As we grow as a community and tournament organization, I think it’s time we discuss something that’s come up many times over the years.

But first, I want to make it clear that although there have been some minor complaints and I have spoken to some individuals about this in the past, this post is NOT about any one person, or even a few people. This is a general discussion intended for any and all kayak anglers.

This is about etiquette on the water.

We have maxed out every tournament thus far this year. I don’t know if that will continue throughout the season, but it’s very possible. Since we fish such small bodies of water, it’s only inevitable that anglers are going to come into close proximity with each other during tournaments. Though we can’t restrict anglers from fishing where they want to fish (as long as it’s in bounds), there are some unwritten rules when it comes to fishing near other anglers…

The most important “rule” is a simple one: give people space, respect their area.

No, an angler cannot reasonably expect have an entire cove or shoreline to himself. In most instances, anyway. If you’re fishing a tiny cove, like the one by the ramp at Lake Maspenock, to the left of the beach, you shouldn’t have to worry about an angler rolling up beside you and casting.

But again, it’s not something we can enforce, so that’s where common sense and respect come into play.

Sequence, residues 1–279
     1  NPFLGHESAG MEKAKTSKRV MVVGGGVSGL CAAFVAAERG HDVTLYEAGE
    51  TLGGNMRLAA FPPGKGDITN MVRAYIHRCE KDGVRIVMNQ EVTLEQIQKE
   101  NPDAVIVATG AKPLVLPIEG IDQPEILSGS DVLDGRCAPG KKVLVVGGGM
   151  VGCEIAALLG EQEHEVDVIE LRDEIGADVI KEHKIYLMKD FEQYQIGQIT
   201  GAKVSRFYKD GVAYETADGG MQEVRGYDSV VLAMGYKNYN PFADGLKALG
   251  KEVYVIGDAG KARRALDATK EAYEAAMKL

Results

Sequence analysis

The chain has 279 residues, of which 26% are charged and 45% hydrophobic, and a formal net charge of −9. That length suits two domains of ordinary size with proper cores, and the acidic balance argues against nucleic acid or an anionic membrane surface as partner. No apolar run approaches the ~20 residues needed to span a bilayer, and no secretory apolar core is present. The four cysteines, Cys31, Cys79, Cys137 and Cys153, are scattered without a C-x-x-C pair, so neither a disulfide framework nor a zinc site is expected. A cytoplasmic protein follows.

Another common sense “rule” is, don’t cast into a spot from which an angler just caught a fish. This has happened before, one time resulting in a catch by the other angler, a young kid, who had previously been spoken to about encroaching on this person’s spot. Some words were exchanged, and the kid never fished with us again.

That’s unfortunate, of course. We don’t want to see that happen. Ever. But sometimes it’s unavoidable. I think most of us would have reacted in the same manner given the circumstances.

In general, however, this sort of thing is entirely avoidable through mutual respect. Just give people space. If someone is fishing docks along a shoreline, go around them…and keep going, don’t start fishing the next dock. No one likes a leap-frogger. Again, anglers can’t have all the docks, but paddle-pedal-motor 50 or 75 yards down the shoreline before tossing a line.

If you’re unsure where an angler is fishing, ask them. An angler can’t reasonably expect to lay claim to the shore and offshore, you know. So if they’re fishing offshore, go on and fish the shoreline as you pass. Just don’t cast out where they’re fishing, unless of course you’ve gone 50 or 75 yards past them. It’s game on at that point.

I mentioned common sense above, which a lot of this stuff is, but even common sense requires some sort of knowledge or experience as a foundation, so if you’re unsure (especially those new to tournament fishing), just ask someone. “Which way should I go around you, left or right?” “Mind if I fish this shoreline as I pass?” Don’t worry about it. I have no doubt that those who fish our tournaments will respond kindly. If you don’t ask, however…no guarantees. Words may fly.

We don’t want that, of course, so just be mindful of each other on the water, give each other a respectful berth when passing or fishing the same general area.

This is our fourth year and we’ve had very few instances where these unwritten rules have been broken. We’d like to keep it that way.

If you have any questions, feel free to ask.

Stay the hell out of my spots!